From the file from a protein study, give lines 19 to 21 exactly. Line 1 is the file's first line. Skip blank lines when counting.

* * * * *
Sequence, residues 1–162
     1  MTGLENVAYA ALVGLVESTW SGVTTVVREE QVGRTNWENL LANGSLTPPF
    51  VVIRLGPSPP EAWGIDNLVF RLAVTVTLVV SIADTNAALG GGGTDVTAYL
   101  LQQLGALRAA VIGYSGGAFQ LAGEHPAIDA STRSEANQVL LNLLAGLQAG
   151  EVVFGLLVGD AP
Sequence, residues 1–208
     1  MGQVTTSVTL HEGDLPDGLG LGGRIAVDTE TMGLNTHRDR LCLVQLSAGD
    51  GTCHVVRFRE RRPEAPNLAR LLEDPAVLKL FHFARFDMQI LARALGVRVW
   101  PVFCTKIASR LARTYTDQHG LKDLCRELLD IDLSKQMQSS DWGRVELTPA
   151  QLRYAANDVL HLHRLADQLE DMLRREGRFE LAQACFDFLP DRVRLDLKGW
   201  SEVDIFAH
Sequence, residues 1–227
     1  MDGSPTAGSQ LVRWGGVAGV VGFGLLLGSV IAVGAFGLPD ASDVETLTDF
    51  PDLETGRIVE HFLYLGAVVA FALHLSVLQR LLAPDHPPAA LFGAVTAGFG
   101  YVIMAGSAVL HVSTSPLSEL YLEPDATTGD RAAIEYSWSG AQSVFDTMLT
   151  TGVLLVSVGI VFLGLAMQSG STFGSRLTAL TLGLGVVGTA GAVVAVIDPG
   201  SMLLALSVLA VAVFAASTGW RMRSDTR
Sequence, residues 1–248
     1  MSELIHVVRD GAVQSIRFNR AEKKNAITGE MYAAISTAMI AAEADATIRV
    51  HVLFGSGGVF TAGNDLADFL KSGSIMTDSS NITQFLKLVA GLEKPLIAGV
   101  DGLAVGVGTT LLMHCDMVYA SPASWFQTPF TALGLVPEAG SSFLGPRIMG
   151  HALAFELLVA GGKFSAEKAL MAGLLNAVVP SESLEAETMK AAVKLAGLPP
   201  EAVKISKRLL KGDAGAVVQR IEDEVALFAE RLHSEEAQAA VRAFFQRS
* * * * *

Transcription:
     1  MSELIHVVRD GAVQSIRFNR AEKKNAITGE MYAAISTAMI AAEADATIRV
    51  HVLFGSGGVF TAGNDLADFL KSGSIMTDSS NITQFLKLVA GLEKPLIAGV
   101  DGLAVGVGTT LLMHCDMVYA SPASWFQTPF TALGLVPEAG SSFLGPRIMG